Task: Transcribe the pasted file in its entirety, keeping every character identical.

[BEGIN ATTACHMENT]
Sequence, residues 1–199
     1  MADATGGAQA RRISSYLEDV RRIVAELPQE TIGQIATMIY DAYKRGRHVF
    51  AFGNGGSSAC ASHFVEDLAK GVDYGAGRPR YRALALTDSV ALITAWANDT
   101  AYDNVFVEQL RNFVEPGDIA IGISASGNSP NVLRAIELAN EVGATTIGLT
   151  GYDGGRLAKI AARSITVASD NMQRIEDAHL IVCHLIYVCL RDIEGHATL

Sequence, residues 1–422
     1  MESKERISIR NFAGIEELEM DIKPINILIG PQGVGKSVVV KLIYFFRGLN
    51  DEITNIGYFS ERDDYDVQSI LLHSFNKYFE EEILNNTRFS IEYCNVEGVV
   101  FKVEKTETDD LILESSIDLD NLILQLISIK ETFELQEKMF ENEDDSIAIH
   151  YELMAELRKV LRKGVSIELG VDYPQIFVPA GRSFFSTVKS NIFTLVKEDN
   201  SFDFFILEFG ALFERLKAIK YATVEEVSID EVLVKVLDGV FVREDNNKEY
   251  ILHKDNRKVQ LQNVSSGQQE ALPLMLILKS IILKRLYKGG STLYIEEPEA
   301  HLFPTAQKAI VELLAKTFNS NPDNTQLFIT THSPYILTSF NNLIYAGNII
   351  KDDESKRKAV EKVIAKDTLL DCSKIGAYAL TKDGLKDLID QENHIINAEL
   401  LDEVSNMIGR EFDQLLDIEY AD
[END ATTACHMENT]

Sequence, residues 1–199
     1  MADATGGAQA RRISSYLEDV RRIVAELPQE TIGQIATMIY DAYKRGRHVF
    51  AFGNGGSSAC ASHFVEDLAK GVDYGAGRPR YRALALTDSV ALITAWANDT
   101  AYDNVFVEQL RNFVEPGDIA IGISASGNSP NVLRAIELAN EVGATTIGLT
   151  GYDGGRLAKI AARSITVASD NMQRIEDAHL IVCHLIYVCL RDIEGHATL

Sequence, residues 1–422
     1  MESKERISIR NFAGIEELEM DIKPINILIG PQGVGKSVVV KLIYFFRGLN
    51  DEITNIGYFS ERDDYDVQSI LLHSFNKYFE EEILNNTRFS IEYCNVEGVV
   101  FKVEKTETDD LILESSIDLD NLILQLISIK ETFELQEKMF ENEDDSIAIH
   151  YELMAELRKV LRKGVSIELG VDYPQIFVPA GRSFFSTVKS NIFTLVKEDN
   201  SFDFFILEFG ALFERLKAIK YATVEEVSID EVLVKVLDGV FVREDNNKEY
   251  ILHKDNRKVQ LQNVSSGQQE ALPLMLILKS IILKRLYKGG STLYIEEPEA
   301  HLFPTAQKAI VELLAKTFNS NPDNTQLFIT THSPYILTSF NNLIYAGNII
   351  KDDESKRKAV EKVIAKDTLL DCSKIGAYAL TKDGLKDLID QENHIINAEL
   401  LDEVSNMIGR EFDQLLDIEY AD